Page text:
Media Coverage

Spire's six most recent media appearances.

Post-pandemic work culture
India’s E-Commerce Logistics Industry: Uncaged and ready to grow
Indonesia plans to implement AI in Government Bureaucracy
Extended family households in Korea: maintaining harmony
Extended family households in Korea: maintaining harmony
Emerging trends, product categories and problems for the Silver indust...
Renewable Energy- Vietnam’s up-and-coming energy source
Renewable Energy- Vietnam’s up-and-coming energy source

Spire releases study on Autism in Indonesian children

4 April 2015
The Jakarta Post

Spire releases study on Autism in Indonesian children

To commemorate World Autism Awareness Day, Spire released its pro-bono study focusing on Indonesia’s autistic children, working in collaboration with Rumah Autis (Home for the Autistic) – an Indonesian NGO that provides therapy and raises awareness about autistic children. The first-of-its-kind autism mapping project highlighted the rising number of autism cases in children. These findings were published in The Jakarta Post – a prominent Indonesian online news portal.

Autism – a complex developmental disorder – is on the rise in Indonesia. As more children are diagnosed with this condition, Indonesia needs to provide more affordable therapy centres and schools. According to the findings of the study, over 139,000 children (under the age of 17) suffer from this condition – with 25,000 children in West Java alone.

These children often do not receive adequate medical attention due to the uneven distribution of therapists and high costs. The findings reveal that each child with Autism requires 6-10 sessions of therapy per week costing IDR50,000 – 250,000 per session – which is expensive.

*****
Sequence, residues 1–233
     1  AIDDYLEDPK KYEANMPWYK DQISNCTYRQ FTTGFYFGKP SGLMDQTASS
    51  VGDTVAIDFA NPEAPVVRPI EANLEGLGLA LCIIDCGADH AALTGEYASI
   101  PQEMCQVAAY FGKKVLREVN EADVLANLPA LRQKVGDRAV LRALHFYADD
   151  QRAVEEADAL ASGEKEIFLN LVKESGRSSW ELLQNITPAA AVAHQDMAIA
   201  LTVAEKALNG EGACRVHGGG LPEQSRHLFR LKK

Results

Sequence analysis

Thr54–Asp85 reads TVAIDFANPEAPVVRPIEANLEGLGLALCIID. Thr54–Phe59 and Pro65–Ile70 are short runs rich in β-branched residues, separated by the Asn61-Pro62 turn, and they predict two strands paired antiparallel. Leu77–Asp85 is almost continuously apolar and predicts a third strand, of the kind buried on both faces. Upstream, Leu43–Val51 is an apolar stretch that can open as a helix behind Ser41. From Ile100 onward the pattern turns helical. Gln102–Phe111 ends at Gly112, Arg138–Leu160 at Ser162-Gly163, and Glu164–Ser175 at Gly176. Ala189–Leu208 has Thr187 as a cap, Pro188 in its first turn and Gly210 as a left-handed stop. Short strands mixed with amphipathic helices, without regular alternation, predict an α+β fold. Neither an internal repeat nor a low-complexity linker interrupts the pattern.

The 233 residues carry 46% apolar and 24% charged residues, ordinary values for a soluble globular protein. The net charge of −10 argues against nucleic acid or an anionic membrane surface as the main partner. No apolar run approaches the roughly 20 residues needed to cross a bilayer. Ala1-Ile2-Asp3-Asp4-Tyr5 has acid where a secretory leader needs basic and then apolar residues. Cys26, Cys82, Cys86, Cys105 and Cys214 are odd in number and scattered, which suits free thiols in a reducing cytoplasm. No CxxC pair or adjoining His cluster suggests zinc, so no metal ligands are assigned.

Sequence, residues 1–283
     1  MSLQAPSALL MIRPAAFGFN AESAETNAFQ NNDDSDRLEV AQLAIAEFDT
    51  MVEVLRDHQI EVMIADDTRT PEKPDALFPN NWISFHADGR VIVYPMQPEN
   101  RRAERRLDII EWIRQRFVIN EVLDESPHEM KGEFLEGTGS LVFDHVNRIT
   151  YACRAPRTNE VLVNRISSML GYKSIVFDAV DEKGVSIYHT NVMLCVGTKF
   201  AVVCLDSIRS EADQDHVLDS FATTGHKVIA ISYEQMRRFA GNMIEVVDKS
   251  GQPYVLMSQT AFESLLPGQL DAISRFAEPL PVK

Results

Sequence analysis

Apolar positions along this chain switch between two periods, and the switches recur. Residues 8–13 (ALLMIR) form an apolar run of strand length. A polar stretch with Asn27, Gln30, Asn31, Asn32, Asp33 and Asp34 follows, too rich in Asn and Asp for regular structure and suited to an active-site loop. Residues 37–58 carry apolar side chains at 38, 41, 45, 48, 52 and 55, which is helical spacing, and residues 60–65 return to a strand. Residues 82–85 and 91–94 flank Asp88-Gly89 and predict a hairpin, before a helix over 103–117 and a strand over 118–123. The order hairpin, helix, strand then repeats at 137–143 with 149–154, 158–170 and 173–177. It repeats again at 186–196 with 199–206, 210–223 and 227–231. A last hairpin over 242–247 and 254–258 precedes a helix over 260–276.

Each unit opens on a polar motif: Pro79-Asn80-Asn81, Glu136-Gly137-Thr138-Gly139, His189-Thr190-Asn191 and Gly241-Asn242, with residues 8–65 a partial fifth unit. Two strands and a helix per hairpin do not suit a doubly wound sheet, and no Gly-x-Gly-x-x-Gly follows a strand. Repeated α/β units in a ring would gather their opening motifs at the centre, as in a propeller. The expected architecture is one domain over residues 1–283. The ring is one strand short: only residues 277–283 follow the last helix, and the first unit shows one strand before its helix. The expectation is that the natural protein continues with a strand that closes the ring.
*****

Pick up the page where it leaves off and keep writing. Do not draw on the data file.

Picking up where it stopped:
At the same time, inclusion schools are another option. The School Inclusion Program (launched in August 2004) was an initiative to make education accessible for all children, especially those with disabilities. The success of this program is evident from the fact that the number of inclusion schools in Indonesia saw a 1000% increase over the last six years. However, this has not been accompanied by a commensurate increase in human resources to treat autistic children.

Spire’s report recommends integrating autistic children into the society, by enabling them to attain educational milestones and become employable in sectors such as hospitality and public service.

For media enquiries, please contact:

Nidhi Singh
Assistant Manager, Group Corporate Communications
Spire Research and Consulting
Phone: (91) 124 646 5499
E-mail: nidhi.singh@spireresearch.com

Back to Top

Back to Home